Most of you don’t know that I started A Lady in Defiance only about a year after my sister passed away. A lot happened in that year. Namely, I had a baby. My first son, Whit, was born in 2000.
While he napped or wiggled happily on the floor, I started writing. The story of three sisters in the West was a flight of fancy that helped me deal with the loss of my sister and handle the stupefying fact I was a mother. To cope, some people jump in the tub with Calgon. I had to write. Just spill out thoughts and emotions, keep Suzy alive for a little while longer…
Several thousand words into the story, however, my computer died and I lost EVERYTHING…
So what happened next?
To get the rest of this story and hear about the many more amazing ways God has kept his hand on A Lady in Defiance, I cordially invite you to sign up for my newsletter. You’ll get a FREE story AND the rest of this one. I promise you’ll find encouragement for chasing your own dreams! Sign up today!
Going back through some old research notes, I stumbled across the story of an immigrant to America. An unsung heroine who came here to make America a better place and give something back…not just take and remake the country in the image of her old country.
The early immigrants to America, the ones who thrived here, were independent, strong-willed, stubborn, adventurous risk-takers. They didn’t want handouts. They wanted the freedom to make their own way.
Just this morning I read the story of Sarah Thal, a German-Jewish immigrant who came to America with her husband in 1880. The couple settled in North Dakota. Her first child was born in a cabin so full of cracks that a make-shift tent was made around her and the baby. They literally camped in front of the fireplace to keep warm. She watched prairie fires light up the distant sky on more than one occasion. She lost a baby because 10 feet of snow prevented her from getting to a doctor. This was Sarah’s existence. It never broke her. She didn’t let it turn her into a bitter old woman. She accepted her circumstances, praised God in the storm, and plowed on.
One year the German community decided to get together and celebrate the 4th of July. It was a 22-mile trip each way for the Thal’s to attend, but they were proud and eager to do so. As she wrote in a letter, “Each foreign colony celebrated in their own fashion, loyal to the traditions of the old land and faithful to those of the new. . . .”
Faithful to those of the new.
Unfortunately, stout bloodlines like Sarah’s are getting “watered down.” It’s a shame. American women were strong and resilient as a rule, fiercely independent, the toughest in the world. And she wanted to be an American. Therein lies the crux of the matter with the flood of illegals at our border.
Today, I think women like Sarah are the exception, which is why it’s important to remember them! Do you think I’m wrong? Speak your mind, politely, please.
Tick. Tick. Tick.
Time is running out!
Pick an author from this fabulous group, sign up for her insanely interesting newsletter, and you will receive a FREE book. Sign up for as many as you like. I’ve included one of my favorite stories as a giveaway. Grace be a Lady is just too incredible to be based on a real person! And the other authors in the group are:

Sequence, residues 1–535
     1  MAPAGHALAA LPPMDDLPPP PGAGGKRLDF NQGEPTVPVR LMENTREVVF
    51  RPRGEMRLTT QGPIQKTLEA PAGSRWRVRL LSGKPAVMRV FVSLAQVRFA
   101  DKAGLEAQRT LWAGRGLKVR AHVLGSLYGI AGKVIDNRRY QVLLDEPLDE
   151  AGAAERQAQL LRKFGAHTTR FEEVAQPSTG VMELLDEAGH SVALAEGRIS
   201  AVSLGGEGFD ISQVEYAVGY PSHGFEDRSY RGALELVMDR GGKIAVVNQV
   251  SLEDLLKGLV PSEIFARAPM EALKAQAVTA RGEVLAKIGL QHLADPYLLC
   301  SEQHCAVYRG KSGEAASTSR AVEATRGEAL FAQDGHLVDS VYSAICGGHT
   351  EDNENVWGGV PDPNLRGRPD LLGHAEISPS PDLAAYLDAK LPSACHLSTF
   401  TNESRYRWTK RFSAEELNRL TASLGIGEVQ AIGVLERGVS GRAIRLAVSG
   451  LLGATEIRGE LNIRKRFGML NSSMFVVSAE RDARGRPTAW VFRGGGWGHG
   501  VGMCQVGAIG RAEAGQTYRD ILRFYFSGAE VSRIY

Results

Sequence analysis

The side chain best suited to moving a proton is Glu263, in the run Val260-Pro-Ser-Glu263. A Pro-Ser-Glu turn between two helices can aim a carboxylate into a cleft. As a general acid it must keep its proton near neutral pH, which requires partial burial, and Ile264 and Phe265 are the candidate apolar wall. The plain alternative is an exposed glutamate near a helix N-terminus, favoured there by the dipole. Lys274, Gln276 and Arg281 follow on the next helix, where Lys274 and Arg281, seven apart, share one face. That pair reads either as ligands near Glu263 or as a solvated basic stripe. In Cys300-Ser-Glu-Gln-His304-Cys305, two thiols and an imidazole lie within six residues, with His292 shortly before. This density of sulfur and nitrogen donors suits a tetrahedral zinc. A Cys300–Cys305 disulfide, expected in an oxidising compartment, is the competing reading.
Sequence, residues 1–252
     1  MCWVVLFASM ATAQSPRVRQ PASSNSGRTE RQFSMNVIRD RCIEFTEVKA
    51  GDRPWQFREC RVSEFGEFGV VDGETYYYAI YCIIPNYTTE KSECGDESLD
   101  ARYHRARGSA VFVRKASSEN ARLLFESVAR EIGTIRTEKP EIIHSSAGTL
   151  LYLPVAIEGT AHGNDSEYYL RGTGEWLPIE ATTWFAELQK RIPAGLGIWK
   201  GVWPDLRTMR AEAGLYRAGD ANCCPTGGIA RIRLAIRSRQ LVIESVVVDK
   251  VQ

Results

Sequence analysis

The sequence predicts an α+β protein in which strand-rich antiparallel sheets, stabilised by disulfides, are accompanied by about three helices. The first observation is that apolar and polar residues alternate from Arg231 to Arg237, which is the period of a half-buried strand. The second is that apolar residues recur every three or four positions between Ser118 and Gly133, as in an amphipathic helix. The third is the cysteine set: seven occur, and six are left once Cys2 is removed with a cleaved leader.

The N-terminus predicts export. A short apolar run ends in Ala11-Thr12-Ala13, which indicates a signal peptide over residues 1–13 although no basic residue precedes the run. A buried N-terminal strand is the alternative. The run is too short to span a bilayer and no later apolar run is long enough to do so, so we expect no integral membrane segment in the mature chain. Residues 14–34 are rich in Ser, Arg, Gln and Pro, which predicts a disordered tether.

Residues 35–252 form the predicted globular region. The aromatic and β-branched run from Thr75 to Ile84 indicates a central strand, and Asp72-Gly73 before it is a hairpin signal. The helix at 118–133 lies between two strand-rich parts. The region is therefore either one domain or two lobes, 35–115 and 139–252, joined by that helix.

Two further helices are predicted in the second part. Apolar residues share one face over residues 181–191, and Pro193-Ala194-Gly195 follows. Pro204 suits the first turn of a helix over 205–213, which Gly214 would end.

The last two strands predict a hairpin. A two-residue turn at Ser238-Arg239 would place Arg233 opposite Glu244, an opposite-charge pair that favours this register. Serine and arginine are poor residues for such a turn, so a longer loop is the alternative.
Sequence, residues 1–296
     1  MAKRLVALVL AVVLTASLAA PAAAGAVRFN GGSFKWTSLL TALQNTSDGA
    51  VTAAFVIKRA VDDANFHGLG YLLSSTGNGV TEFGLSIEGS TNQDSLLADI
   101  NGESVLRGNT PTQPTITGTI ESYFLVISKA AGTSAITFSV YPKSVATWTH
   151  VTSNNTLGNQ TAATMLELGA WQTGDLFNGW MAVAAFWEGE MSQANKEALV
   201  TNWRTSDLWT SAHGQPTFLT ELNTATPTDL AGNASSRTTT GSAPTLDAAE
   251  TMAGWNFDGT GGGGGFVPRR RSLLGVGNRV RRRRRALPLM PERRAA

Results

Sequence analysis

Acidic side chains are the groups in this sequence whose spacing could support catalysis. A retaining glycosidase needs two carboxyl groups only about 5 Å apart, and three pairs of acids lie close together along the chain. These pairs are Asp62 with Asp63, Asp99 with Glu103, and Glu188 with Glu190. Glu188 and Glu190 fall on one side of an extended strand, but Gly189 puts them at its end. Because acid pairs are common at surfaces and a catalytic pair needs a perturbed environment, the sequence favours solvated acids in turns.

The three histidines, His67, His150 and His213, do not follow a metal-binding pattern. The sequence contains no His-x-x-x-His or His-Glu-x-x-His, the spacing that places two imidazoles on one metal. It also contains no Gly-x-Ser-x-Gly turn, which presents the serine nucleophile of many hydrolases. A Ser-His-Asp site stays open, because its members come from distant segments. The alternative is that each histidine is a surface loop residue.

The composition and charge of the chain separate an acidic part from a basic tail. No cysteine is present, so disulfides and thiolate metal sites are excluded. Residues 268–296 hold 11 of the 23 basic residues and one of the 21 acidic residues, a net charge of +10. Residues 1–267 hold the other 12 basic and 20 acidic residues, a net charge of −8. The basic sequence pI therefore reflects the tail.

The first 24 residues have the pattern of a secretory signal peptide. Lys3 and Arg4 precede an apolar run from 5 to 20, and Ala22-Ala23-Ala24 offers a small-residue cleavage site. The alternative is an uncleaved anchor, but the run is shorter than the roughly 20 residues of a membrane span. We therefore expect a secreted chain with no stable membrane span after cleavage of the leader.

Lynnette Bonner <> Kari Trumbo <> Mary Lu Tyndall <> Dorothy Adamek <> Lisa Prysock <> Sondra Kraak <> Stephenia H. McGee <> Angela Breidenbach
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I didn’t expect the research for A Lady in Defiance to break my heart.
If you have read my Defiance books, you know I’ve gone to great pains to bring the old west mining town of Defiance to life. Those “great pains” were hours of research. Admittedly, since I’m a history freak, I enjoyed most of it.
Some of it, not so much. Here’s what I didn’t enjoy: learning just how awful the lives of prostitutes in these lawless towns were.
While disease was the number one cause of death, the number two cause was customer violence. But get this: one report I read said that partner suicide was statistically valid. Meaning, the number of girls who made suicide pacts was not nominal. When life got so awful, so unbearable, many soiled doves agreed to end their lives together.
In Telluride at the height of the silver boom, there was one street in the red light district where the doors swung open and shut so fast it was nicknamed Popcorn Alley.
Think about that for a second.
In A Lady in Defiance, there is a scene in which a soiled dove opens the Bible and learns how Jesus dealt with a woman accused of adultery. I literally cried writing that part. I cried over my character finding hope…and over all the real prostitutes who never did.
Today, I pray for all the innocents abducted and forced into this lifestyle. Seems we’ve come full circle. Or, more accurately, outdone ourselves. Today, human trafficking has surpassed the illegal sale of arms. It will surpass the illegal sale of drugs in the next few years. Up to 300,000 Americans under 18 are lured into the commercial sex trade every year.
A hundred years ago, the citizenry rose up and ran brothels out of business either by force or by electing politicians who fined such houses out of existence. Today, all we seem to want to do is tear down Confederate statutes and blame each other for slavery that happened a hundred-plus years ago.
Here’s a thought: let’s turn our energy to something more positive. Let’s deal with today’s modern problem of sex trafficking and slavery and save some of the men, women, and children who have been forced into this horrid lifestyle.
Just my politically incorrect two cents.
By the way, A Lady in Defiance is on sale right now for only .99 if you’d like to pick up a copy!